Despite selecting the most knot-free board at the lumber yard, only about 3 of the narrow stringers remained in tact - the others broke at a knothole or weak spot. In this photo I'm matching up some good pieces for scarphing.
I fashioned a simple jig that allowed me to stack two stringer pieces and make one angled cut through both. Flipping one of the pieces around created two mating angles that glued together for a clean scarph.
Here the first stringer on each side is in place, loosely secured to the stations with zip-ties.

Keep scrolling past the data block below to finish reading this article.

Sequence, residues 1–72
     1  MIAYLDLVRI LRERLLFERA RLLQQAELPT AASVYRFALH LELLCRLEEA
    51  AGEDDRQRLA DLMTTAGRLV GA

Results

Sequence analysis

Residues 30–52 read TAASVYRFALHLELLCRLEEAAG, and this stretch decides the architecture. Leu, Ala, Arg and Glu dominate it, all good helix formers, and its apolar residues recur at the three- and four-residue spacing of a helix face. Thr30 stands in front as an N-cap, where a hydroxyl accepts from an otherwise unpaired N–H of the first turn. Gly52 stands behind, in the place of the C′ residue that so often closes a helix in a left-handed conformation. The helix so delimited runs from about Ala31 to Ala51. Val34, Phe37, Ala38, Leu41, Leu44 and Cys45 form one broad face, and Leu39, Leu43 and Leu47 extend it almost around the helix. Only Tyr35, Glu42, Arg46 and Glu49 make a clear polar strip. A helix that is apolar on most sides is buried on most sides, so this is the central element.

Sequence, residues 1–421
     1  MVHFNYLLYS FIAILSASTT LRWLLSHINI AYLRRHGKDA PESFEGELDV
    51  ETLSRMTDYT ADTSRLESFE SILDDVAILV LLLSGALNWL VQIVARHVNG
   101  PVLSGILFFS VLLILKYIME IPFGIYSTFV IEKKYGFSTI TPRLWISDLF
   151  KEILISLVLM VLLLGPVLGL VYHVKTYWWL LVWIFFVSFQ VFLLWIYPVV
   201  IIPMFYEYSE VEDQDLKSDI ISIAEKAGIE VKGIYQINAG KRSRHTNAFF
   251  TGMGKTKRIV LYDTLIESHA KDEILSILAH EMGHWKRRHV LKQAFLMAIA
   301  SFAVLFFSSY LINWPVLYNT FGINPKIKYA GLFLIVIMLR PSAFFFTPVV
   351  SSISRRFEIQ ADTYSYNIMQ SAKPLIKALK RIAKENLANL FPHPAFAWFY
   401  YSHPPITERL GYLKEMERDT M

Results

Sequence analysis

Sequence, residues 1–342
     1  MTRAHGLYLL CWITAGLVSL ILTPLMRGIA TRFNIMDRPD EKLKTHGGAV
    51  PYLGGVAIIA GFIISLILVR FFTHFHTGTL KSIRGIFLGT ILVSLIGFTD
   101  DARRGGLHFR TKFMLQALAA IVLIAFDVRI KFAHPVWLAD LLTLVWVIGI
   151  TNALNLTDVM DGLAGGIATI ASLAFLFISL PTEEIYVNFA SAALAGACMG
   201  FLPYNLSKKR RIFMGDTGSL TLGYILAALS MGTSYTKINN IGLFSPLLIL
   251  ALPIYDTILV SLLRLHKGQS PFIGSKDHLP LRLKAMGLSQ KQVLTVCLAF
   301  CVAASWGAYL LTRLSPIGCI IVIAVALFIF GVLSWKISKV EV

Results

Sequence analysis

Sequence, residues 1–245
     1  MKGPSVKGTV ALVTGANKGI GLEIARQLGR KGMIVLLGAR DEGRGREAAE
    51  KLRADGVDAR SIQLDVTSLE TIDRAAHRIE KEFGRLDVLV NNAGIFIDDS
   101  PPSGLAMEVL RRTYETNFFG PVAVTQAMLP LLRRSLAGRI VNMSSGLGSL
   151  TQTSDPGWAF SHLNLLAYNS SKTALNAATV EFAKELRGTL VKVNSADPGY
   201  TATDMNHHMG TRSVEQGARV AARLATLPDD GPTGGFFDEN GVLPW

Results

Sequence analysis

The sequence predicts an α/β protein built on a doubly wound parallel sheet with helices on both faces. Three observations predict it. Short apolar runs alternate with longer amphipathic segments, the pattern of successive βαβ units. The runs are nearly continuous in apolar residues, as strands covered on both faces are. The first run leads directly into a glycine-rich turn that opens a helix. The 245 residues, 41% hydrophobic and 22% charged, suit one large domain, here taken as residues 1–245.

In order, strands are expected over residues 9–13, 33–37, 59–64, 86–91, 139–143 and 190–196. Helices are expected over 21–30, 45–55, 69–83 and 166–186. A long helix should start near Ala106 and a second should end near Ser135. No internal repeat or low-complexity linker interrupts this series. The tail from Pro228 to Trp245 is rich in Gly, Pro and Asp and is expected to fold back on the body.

Two of the forms have notches that hold the stringers in position. The others are smooth, allowing the stringers to be moved around slightly.
After a lot of "eyeballing" and adjusting for straightness, I zip-tied all the stringers tightly to the forms.
At the bow and stern, the stringers are trimmed and shaped to transition into the stems similar to the gunwales.
After shaping, the stringers were glued to the stem. (One popped loose, so I added lashing to all of them.)
Next come the cross ribs. They have to be bent, usually by utilizing some type of steam box. After reading about several alternatives, I came up with an inexpensive and simple solution (see next section).